The pace of bank failures might be peaking, but for the directors and officers of failed institutions, the pain and suffering is far from over.
The Federal Deposit Insurance Corp. has begun laying the groundwork for potentially years of lawsuits against senior executives and directors it claims may have been responsible for their bank's collapse—a process that netted the agency $2.5 billion in the aftermath of the last banking crisis. The FDIC has sent hundreds of demand letters warning officers and directors of possible civil charges, announced formal investigations of individuals and subpoenaed directors' financial statements and other documents.
The agency says the actions are necessary first steps in both assessing accountability for the heavy failures and replenishing the Deposit Insurance Fund. They set the stage for monetary settlements and civil lawsuits, though sometimes they will result in no further action.
But some industry representatives wonder if the FDIC is targeting individuals with the financial means—including hefty insurance policies—to pay the damages more so than those it believes were responsible for a failure. In some cases, observers say, the amount of damages the FDIC asks for mirrors what is covered in an insurance policy.
If there's insurance, "and there's money to go after, I believe that the inclination of the FDIC is to try to go after it, whether there is a good case or not," says David Baris, a partner at Buckley Sandler LLP and the executive director of the American Association of Bank Directors.
Senior FDIC officials strongly refute that claim, saying directors will not receive a demand letter without cause, and the bluntly worded letters-which include the amount of potential damages-are required by the insurance carrier to begin the claims process. Typically the letters must be issued before an insurance policy expires, which can be right after the failure.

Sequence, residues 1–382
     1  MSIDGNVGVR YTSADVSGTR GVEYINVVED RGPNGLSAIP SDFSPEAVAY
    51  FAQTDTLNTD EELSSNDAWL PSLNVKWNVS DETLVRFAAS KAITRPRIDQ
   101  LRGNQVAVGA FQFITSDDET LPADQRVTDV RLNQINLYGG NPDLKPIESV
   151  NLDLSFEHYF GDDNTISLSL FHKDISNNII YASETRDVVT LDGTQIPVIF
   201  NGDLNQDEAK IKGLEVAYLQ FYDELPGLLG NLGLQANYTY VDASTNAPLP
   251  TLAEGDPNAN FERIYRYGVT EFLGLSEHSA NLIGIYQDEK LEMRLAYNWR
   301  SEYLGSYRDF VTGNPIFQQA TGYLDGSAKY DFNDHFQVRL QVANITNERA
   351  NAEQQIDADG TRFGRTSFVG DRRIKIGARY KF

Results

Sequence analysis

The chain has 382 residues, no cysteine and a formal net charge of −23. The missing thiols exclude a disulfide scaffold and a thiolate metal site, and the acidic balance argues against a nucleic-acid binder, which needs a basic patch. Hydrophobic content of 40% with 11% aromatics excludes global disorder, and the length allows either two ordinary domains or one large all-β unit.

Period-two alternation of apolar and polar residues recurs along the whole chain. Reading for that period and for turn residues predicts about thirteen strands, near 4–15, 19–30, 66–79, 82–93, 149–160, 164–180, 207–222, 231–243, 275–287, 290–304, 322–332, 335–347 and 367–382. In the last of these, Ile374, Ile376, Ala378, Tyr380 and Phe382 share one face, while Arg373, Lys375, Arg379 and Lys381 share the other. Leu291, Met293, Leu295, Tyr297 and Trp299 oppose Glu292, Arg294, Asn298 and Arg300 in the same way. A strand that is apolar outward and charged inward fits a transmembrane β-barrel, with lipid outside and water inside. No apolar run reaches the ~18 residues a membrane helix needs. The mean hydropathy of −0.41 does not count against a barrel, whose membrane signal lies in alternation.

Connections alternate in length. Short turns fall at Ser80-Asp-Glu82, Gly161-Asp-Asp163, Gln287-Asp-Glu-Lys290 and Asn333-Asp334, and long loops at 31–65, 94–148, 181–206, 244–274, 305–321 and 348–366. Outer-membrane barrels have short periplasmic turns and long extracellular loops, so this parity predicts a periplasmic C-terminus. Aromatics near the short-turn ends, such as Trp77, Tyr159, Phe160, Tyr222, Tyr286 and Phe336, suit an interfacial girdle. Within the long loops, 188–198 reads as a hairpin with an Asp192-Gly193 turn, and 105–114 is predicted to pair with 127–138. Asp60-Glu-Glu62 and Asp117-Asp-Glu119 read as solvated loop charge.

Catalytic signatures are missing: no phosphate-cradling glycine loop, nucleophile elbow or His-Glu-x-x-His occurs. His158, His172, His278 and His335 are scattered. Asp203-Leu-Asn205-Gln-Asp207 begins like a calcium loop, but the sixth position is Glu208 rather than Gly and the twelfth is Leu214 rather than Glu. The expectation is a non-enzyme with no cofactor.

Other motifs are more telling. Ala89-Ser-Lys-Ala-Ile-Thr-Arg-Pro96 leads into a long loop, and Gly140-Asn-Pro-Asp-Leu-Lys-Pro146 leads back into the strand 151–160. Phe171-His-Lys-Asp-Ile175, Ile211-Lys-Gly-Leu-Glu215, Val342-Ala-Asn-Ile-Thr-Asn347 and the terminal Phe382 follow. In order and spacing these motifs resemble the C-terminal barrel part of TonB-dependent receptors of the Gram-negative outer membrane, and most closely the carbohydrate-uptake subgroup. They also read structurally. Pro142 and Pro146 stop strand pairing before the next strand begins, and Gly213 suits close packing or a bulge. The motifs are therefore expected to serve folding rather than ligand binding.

"Everybody thinks that they're being pursued because they have money or there is some other reason," but "in reviewing the claims, we're looking at whether we have a meritorious and a cost-effective claim," says Richard Osterman, a deputy general counsel at the agency. "How far we go will depend on the facts and circumstances in each case. We send in investigators and attorneys to look at the facts. If they find on the face of it there's nothing there, then we close out the investigation."
The FDIC typically begins gathering information that can be used in a suit as soon as it takes over a failed bank.
After it has determined an insurance policy exists, and there is reasonable suspicion someone was responsible for the failure, the agency will issue a demand letter as the first step in the process. The letters, often sent by outside counsel it hires, outline all the possible allegations a board member or officer could face.
"It's a starting point for targeting them down the line for eventual lawsuits," says Joseph Lynyak, a partner at Venable.
For example, a March 26 letter to board members of BankFirst in Sioux Falls, S.D., which failed in July 2009, listed everything from poor risk management to violating loan approval policies. The letter demanded payment of over $77 million for "Director and Officer Wrongful Acts." Later, if the agency decides to pursue the case further, a director or officer may settle or face civil litigation.